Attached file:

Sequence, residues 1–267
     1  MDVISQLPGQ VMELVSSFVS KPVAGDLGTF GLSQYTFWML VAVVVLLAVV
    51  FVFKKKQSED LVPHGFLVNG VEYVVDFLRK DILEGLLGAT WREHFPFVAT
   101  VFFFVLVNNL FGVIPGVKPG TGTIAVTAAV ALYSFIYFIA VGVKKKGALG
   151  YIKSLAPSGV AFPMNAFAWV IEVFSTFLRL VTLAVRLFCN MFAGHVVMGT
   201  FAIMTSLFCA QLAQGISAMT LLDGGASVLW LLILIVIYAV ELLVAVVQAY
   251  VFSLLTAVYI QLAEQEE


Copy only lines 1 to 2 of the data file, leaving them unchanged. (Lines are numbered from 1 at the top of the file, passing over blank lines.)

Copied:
Sequence, residues 1–267
     1  MDVISQLPGQ VMELVSSFVS KPVAGDLGTF GLSQYTFWML VAVVVLLAVV